The Challenge of Low Activity Waste
A critical element of the cleanup effort at the DOE Hanford site, in Washington State, is to find a safe and efficient way to handle the 53 million gallons of radioactive waste held in 177 underground tanks.
In 2003, The U.S. Department of Energy (DOE) invested $82 million in search of a supplemental technology to treat low-activity waste at the Hanford site. GeoMelt® was part of this multi-year project demonstrating the effectiveness of a bulk vitrification solution.
Design a fit-to-purpose GeoMelt® Vitrification system
With the intention of providing an effective solution to stabilize the radioactive waste, the GeoMelt® team went to work at Hanford in 2003 to design, construct and test the GeoMelt® In-Container Vitrification (ICV™) process.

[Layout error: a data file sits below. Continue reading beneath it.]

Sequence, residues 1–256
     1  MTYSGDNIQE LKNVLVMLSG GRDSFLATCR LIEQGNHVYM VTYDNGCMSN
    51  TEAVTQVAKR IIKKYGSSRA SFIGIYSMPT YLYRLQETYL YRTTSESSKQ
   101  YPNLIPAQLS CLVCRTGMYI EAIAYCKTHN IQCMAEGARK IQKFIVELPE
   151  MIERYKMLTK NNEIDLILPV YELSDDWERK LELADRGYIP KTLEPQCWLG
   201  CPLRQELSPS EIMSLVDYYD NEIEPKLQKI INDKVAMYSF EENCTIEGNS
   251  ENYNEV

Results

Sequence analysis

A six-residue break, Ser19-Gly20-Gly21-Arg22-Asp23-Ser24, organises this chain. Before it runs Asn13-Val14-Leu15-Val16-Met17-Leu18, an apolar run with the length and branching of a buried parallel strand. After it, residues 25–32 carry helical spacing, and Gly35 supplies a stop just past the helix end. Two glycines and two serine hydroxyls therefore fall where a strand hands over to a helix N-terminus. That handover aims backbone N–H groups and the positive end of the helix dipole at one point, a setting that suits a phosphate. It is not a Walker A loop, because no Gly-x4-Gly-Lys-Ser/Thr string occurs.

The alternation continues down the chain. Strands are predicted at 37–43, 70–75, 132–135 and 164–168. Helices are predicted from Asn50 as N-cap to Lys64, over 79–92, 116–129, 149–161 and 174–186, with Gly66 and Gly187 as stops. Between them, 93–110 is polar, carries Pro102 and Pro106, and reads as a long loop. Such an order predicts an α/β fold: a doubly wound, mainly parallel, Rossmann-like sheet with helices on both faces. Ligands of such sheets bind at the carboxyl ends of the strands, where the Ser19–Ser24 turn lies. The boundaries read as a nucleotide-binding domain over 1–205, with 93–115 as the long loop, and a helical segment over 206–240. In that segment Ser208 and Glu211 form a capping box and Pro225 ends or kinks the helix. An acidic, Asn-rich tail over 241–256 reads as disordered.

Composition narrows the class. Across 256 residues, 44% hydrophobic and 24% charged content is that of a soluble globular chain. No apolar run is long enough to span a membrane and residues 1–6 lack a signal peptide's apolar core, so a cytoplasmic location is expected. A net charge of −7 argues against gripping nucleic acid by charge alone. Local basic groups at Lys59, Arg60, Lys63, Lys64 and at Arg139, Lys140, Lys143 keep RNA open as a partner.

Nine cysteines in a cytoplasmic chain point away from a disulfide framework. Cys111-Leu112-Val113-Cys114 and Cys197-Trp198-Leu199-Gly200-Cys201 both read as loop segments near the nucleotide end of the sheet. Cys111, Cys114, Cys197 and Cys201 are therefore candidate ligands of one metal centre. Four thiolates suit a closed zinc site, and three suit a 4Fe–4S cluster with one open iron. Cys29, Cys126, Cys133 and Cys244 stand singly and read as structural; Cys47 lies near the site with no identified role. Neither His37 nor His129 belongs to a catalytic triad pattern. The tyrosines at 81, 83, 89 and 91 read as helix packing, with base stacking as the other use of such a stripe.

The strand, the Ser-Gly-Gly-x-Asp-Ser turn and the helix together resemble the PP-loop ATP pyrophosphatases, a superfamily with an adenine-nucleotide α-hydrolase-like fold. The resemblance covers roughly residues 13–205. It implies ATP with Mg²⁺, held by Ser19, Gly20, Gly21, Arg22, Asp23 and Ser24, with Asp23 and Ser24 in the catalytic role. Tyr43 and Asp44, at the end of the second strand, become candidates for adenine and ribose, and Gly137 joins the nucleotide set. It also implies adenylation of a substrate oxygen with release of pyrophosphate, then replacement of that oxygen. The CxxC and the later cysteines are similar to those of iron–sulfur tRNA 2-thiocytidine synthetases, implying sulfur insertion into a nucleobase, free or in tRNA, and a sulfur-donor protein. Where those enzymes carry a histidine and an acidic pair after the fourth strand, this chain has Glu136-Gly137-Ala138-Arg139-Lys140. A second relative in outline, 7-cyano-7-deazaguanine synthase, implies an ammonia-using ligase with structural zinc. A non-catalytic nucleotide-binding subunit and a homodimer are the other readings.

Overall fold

Our GeoMelt® Vitrification system for Hanford low-level wastes has the ability to produce 50 tons of glass per batch. To date, GeoMelt® is the only vitrification system that has received a permit to construct and treat Hanford’s low-activity waste.
GeoMelt® mixes waste materials with glass formers and other additives. Heat is then applied to melt the soil and waste mixture, which dries into a solid glass form. During the Hanford project, 200 tons of glass were made at a rate of 50 tons per batch using GeoMelt®.
Through this project, the GeoMelt® team successfully:
Created over 200 tons of a durable and leach-resistant glass
Produced complete design of a GeoMelt® ICV™ facility to prove the capacity and flexibility of the technology
Verified that all off-gas emissions were effectively treated before release and met air-quality requirements
Confirmed the acceptability of the glass composition over a range of waste stream
Additionally, a 10-year study conducted by the DOE confirmed GeoMelt® to deliver lowest life cycle cost